What makes security practitioners tick? That’s a simple question with a lot of drivers underneath it. We want to find out; please help us by signing up for our study.
We’re launching a long term study of security practitioners to understand how they approach security, please sign up for our Long Term Security Attitudes and Practices Study here: https://www.surveymonkey.com/r/CZTZY7M.
A few years ago I was in a customer facing role answering questions about security practices of the SaaS company I worked at. My days were filled with answering questions about our security practices and we would give answers that were good and reasonable answers but not always what the other side was expecting. This discrepancies were based on differing risk tolerances, different contexts, varying approaches to security and technology.
This led to many conversations with our executive about changes to our security practices. Often the question would arise: “what’s good enough?” and outside of pointing to ISO27001/2 and HIPAA I didn’t have an answer. I couldn’t tell my executive what would reasonably satisfy our customer’s security expectations beyond pointing to the standards. Clearly though “standards compliance” wasn’t the minimum bar… it was something different. By outcome we could observe that organizations were willing to accept differing security practices but there was never a consistency of what would be accepted and what had to be argued (or changed) across the hundreds of different customers (even ones in the same industry).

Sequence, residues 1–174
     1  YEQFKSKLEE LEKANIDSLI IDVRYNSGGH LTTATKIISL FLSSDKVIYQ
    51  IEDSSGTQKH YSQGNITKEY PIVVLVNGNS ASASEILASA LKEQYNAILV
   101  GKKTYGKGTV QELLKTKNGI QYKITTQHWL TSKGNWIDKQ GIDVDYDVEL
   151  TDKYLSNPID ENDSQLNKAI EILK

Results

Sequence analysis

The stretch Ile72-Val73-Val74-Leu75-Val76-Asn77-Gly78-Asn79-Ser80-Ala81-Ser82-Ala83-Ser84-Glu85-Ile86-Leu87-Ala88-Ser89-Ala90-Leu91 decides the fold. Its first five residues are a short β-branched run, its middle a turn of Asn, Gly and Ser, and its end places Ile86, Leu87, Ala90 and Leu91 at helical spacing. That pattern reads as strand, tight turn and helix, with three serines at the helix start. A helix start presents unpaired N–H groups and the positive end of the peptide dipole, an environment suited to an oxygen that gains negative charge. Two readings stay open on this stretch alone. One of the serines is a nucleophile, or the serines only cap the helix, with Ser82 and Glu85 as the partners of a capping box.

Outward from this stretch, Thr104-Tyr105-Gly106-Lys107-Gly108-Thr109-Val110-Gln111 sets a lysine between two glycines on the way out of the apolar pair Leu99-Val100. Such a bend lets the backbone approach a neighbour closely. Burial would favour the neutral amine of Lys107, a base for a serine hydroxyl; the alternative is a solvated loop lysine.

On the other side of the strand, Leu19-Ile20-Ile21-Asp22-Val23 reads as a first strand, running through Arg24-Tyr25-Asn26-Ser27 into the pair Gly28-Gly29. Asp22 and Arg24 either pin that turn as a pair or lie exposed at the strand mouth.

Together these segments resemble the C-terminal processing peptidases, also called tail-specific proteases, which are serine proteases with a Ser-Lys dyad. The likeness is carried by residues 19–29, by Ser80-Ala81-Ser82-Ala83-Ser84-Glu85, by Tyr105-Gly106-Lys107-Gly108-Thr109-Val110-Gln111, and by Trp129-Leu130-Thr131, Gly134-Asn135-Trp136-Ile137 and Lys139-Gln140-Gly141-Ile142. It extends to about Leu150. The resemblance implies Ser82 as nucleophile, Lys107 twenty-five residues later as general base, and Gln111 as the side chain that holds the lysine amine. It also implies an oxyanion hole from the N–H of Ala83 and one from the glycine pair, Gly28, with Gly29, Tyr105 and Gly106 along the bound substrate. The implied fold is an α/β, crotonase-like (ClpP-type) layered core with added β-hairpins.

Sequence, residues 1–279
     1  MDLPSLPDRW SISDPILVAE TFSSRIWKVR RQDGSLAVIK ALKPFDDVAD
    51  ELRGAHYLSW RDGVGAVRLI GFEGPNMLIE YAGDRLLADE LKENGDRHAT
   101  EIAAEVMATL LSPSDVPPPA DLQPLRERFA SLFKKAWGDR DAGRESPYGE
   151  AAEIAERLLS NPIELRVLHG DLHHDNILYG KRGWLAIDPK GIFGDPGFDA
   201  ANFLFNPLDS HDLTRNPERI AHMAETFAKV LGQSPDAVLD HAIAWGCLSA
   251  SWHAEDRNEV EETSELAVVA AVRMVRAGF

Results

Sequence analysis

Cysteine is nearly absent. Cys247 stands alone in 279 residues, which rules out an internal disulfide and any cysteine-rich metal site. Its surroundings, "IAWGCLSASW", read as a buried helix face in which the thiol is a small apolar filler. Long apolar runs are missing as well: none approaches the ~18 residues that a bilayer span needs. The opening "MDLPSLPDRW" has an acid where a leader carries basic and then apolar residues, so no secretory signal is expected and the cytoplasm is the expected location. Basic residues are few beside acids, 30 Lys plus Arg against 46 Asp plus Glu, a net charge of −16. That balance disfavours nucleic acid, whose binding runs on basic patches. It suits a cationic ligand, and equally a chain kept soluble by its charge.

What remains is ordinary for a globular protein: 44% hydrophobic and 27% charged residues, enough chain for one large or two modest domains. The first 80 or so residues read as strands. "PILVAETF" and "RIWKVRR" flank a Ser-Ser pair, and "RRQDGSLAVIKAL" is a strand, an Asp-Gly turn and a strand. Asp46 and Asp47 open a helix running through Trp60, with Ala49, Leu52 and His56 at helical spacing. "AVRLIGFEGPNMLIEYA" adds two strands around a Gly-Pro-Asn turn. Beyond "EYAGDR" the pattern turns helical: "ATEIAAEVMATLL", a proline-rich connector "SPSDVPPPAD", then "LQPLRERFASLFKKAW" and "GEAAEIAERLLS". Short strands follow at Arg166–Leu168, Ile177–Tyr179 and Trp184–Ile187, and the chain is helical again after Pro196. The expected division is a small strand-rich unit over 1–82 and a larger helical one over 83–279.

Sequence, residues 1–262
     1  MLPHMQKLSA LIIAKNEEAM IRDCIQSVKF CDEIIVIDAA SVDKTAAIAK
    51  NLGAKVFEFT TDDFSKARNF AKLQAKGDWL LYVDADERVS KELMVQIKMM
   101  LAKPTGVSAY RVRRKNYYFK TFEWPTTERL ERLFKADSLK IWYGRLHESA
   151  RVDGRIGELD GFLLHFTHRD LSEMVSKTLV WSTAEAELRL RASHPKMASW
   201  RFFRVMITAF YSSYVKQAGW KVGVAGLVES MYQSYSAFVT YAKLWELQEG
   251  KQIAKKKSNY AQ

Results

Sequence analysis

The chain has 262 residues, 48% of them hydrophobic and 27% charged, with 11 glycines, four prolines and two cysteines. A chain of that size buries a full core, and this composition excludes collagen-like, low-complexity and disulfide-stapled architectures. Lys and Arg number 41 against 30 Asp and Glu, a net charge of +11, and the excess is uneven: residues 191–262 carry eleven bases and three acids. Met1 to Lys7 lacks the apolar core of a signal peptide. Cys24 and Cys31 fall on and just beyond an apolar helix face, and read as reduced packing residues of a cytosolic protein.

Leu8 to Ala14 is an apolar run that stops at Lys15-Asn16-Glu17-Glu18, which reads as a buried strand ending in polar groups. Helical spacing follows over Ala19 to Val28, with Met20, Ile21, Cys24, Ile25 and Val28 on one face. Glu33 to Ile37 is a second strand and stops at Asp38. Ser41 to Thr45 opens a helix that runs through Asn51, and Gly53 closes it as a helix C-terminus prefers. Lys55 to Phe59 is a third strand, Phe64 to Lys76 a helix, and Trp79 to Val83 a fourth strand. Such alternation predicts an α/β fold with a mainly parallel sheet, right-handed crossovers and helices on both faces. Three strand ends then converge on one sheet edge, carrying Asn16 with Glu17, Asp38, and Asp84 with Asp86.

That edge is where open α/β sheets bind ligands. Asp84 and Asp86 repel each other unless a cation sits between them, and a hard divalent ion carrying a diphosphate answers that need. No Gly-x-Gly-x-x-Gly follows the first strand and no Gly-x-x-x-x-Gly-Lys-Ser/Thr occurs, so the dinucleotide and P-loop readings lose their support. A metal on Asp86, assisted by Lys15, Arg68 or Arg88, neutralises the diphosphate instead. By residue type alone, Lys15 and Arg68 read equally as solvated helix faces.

Since then I’ve moved on from that company (and changed to an internal role) but those questions have raised for me a more fundamental set of questions: Do we actually understand how security professionals think? Are we all aiming for perfect compliance with PCI 3.X or are we driven by something else? Do we construct policies that are risk centric? Are we pragmatists or purists? Are we advisers or problem solvers?
These are questions that have stuck with me for a while and I’ve not found academic papers that answer these questions and so we’re starting a community based study. Knowing what makes us tick might help make us a stronger profession; at the very least it will be interesting.
The study will consists of multiple surveys; once we get going we’ll start inviting you to a new survey every two weeks. Each survey will be a few questions in length and should not take more than a few minutes of your time. The study will run for as long as there is ongoing interest and sufficient participation. The study doesn’t expect you to participate in every survey although that would be nice; in fact some of the component surveys may not be relevant to you from time to time.
The study will be anonymous; we’ll still collect an email address and track your unique responses but we’ll never share your identity. Tracking you across multiple surveys will allow for correlation – connecting the dots between the many different responses which hopefully will allow us to generate insight.
The anonymized data will be released under a Creative Commons Attribution-NonCommercial-ShareAlike 4.0 International License to allow for reuse by the community. Analysis reports and papers will be released under a Creative Commons License as well and code used to perform the analysis (probably Jupyter Notebooks) will be GPL’ed.
Everyone is welcome – sign up here to participate: https://www.surveymonkey.com/r/CZTZY7M
*** This is a Security Bloggers Network syndicated blog from Liquidmatrix Security Digest authored by Ben Sapiro. Read the original post at: http://feedproxy.google.com/~r/Liquidmatrix/~3/hwTSlZIq79M/